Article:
Converting from Window to Mac

If I convert my Quicken from Windows to Mac will do I lose any meaningful functionality?

Answers

  • volvogirl
    volvogirl SuperUser ✭✭✭✭✭
    Maybe,  Windows and Mac Quicken are different.  Post on converting from Windows to Mac.  It has links to support articles

    https://community.quicken.com/discussion/7869552/if-i-purchase-quicken-for-mac-can-i-convert-the-data-saved-from-quicken-for-windows


    Convert from Windows to Mac

    https://www.quicken.com/support/converting-quicken-windows-quicken-mac-2016 

  • jacobs
    jacobs SuperUser, Mac Beta Beta
    Yes. ;) There are many differences, some large, some small. Whether they are of any consequence to you or not depends entirely on what features you use in Quicken. There are also some things which don't convert, but the features exist in Quicken Mac. For instance, attachments don't come across, but you can do attachments in Quicken Mac; budgets and reports don't transfer, but there are budgets and report sin Quicken Mac.

    There are dozens, if not hundreds, of posts about transitioning from Quicken Windows to Quicken Mac on this forum.  A few are here, here and here. But as several people wrote in those threads, the best thing to do is try out Quicken Mac if you have access to a Mac; your existing subscription allows you to download and use both Quicken Mac and Quicken Windows. Because we all use Quicken so differently, what I might tell you might not be important to you, and I might not think to tell you something which is very important to you.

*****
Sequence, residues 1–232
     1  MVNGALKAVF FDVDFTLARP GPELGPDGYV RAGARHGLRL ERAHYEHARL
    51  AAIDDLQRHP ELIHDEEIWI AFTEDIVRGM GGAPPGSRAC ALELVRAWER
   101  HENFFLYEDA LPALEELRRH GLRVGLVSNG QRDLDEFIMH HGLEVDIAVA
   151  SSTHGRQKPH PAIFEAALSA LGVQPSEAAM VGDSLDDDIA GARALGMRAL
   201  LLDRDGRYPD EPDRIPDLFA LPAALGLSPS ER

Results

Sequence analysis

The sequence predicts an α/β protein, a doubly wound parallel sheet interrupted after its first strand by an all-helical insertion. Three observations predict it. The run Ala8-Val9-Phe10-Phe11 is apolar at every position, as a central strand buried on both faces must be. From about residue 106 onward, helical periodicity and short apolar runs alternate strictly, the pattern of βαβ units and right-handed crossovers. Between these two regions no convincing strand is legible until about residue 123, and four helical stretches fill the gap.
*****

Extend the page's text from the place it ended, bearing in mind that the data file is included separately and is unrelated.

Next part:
If you don't have a Mac on which you can try it out, you might want to ask some specific questions here about things you're concerned about in potentially switching from Quicken Windows to Mac.


    Quicken Mac Subscription • Quicken user since 1993
  • Ronin
    Ronin Member ✭✭
    I too am contemplating migrating from Windows to Mac, but for years have considered moving from Q-WIN to Q-MAC to be too significant of a step backwards and I didn't want to bother running Windows in a VM just to run Q-WIN on a Mac.

    As time has passed, my thinking has evolved to the point where now I'm fairly convinced Q-MAC has the functionality that matters to me and on top of that perhaps a growing advantage -- stability. Unless I'm misinformed, I take it the current version of Q-MAC that supports the M1 chip is a fairly modern app built on relatively new code/tools, whereas Q-WIN is built on multiple decades-old layers of legacy code that seems to make basic operations (opening files, checking for updates, running One-Step updates) unreliable and unpredictable. Overall it seems Q-WIN has become less stable with time, making me think Q-MAC may actually be the better solution for me at this point.

    I would welcome any perspective from others on this.

    Thanks.
  • jacobs
    jacobs SuperUser, Mac Beta Beta
    I'm a longtime Mac user, so I can't answer from the perspective of a Windows user, but I'll chime in. I do think the stability of Quicken Mac is one of is often unheralded strengths. I used to use the legacy Quicken Mac app (Quicken 2007 at the end of its life), and one of my concerns with it as my data file grew and the software aged was that it crashed not infrequently. Most times, it was a simple matter to relaunch and ru a maintenance routine to rebuild the database indexes, but on more than on occasion, I suffered some data loss/corruption. Since moving to Quicken Mac, and its modern SQL database, those concerns are gone. That's not to say something can't go wrong; something can go wrong with any software or hardware. But I find Quicken Mac is rock-solid reliable. (There isn't even a database repair utility, as there was in the old Quicken Mac and in Quicken Windows, because it's not needed.)